surprisingly a variety of animals carry their young on their backs.
Here is a list of 10 animals that carry their babies on their backs:
The banded horned tree frog
The banded horned tree frog (Hemiphractus fasciatus) has a distinctive triangular “helmet” adorning its head and is found in parts of Ecuador, Panama, and Colombia. It does not have a tadpole stage in its life cycle. Instead, fully-formed froglets — miniature versions of adults — emerge after developing from eggs attached to the skin on their mother’s back
Wolf spiders practice a form of infant care that is unique among spiders. As soon as the spiderlings emerge from their egg sac, they immediately clamber onto their mother’s back, where they remain for up to two weeks, researchers reported in a study of several wolf spider species, published in 1964 in the journal Arkansas Academy of Science Proceedings.
Also known as tailless whip scorpions, whip spiders are not true spiders, but rather belong to an arachnid group known as amblypygids, which contains over 155 species. Though they have eight limbs, only six are used for walking, while two whip-like appendages — which can be several times as long as their bodies — act as sensory organs.
Swans, the world’s largest waterfowl, are widely recognized for their loyalty to their mates and are known to pair up for life. But swan mothers have also been observed providing especially devoted attention to their young — known as cygnets — by serving as a temporary flotation device to help the little ones as they learn to swim.
The grey, tongueless, triangle-headed and curiously flat Surinam toad (Pipa pipa) is almost entirely aquatic, living in lowland rainforests in Bolivia, Brazil, Colombia, Ecuador, the Guianas, Peru and Trinidad
Keeping track of up to 100 babies is a daunting task for any mother, and female scorpions do so by carrying their scores of young — called scorplings — on their backs until the scorplings’ first molt, according to a study published in 2011 in the European Journal of Entomology.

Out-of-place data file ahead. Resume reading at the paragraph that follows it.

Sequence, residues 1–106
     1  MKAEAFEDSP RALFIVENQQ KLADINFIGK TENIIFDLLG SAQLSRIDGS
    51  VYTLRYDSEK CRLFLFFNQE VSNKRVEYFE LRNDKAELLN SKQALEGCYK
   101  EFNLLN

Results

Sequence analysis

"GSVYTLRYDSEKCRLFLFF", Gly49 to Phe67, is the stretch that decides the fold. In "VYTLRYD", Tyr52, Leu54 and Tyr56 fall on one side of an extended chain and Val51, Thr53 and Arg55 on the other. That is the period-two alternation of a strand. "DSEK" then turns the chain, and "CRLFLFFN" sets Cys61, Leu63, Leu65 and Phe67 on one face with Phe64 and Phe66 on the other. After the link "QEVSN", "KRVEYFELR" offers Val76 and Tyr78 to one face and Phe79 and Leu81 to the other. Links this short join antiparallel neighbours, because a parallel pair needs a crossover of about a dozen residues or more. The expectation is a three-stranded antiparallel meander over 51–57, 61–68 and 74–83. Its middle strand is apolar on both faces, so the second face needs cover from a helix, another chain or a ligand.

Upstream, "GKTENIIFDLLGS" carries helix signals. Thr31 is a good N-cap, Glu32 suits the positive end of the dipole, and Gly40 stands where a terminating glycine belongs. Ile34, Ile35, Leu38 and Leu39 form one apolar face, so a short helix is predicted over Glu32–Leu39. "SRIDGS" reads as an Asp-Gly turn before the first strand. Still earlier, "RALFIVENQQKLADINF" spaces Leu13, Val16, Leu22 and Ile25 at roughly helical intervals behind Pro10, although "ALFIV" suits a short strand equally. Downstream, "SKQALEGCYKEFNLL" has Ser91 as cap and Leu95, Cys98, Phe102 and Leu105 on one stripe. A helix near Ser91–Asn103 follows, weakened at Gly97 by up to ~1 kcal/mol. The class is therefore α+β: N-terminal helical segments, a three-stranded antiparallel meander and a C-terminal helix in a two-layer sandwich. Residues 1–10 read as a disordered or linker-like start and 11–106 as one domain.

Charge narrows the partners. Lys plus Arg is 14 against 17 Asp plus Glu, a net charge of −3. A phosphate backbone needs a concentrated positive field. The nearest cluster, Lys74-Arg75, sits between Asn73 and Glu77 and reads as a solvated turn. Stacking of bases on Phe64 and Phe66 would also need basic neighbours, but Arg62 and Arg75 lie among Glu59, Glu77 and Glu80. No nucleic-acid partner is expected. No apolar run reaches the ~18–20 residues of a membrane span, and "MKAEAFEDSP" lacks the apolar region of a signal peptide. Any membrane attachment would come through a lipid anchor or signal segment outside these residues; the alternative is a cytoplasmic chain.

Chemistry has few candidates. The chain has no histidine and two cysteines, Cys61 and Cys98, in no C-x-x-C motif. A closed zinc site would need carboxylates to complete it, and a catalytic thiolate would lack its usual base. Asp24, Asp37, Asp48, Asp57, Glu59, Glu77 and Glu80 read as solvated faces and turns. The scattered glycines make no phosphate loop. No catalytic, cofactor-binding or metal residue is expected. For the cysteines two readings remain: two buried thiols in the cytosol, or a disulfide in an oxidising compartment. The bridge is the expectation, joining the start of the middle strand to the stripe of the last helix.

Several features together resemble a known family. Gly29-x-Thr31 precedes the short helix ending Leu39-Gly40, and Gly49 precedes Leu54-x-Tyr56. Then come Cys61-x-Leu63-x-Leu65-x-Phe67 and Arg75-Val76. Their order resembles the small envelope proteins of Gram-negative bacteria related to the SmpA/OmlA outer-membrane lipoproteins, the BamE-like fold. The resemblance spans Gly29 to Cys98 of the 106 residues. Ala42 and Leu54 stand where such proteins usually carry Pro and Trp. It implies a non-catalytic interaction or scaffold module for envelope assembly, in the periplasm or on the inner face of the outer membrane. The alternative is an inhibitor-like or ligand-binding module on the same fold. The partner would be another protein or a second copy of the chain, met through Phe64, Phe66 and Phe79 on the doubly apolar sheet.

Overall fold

Opossums are North America’s only native marsupials. There are about 75 species in this family living in both North and South America, and one of the most widely distributed species is the Virginia opossum
For the first year of their lives, giant anteater young — known as “pups” — frequently ride on their mothers’ backs, according to a species description published online by the San Diego Zoo
Great apes — gorillas, chimpanzees, bonobos and orangutans — are our closest primate relatives, and all are known to carry their young on their backs. In most primate species, newborns are unable to walk or care for themselves, and are not protected by nests. Their slow development requires that their mothers keep them close, for frequent nursing and for transportation and protection. Infants are usually transferred from the front of the mother’s body to her back when they are strong enough to grip her securely — typically when they are few months old, according to a study published April 2008 in the journal Naturwissenschaften.
Horned marsupial frog
The term “marsupial” typically conjures images of mammals that tote their young in furry pouches, such as kangaroos, koalas, and other denizens of the Australian continent. But the rare and endangered horned marsupial frog (Gastrotheca cornuta), which lives in the forests of Panama, Columbia and Ecuador, also bears a stretchy baby-bearing pouch — on her back.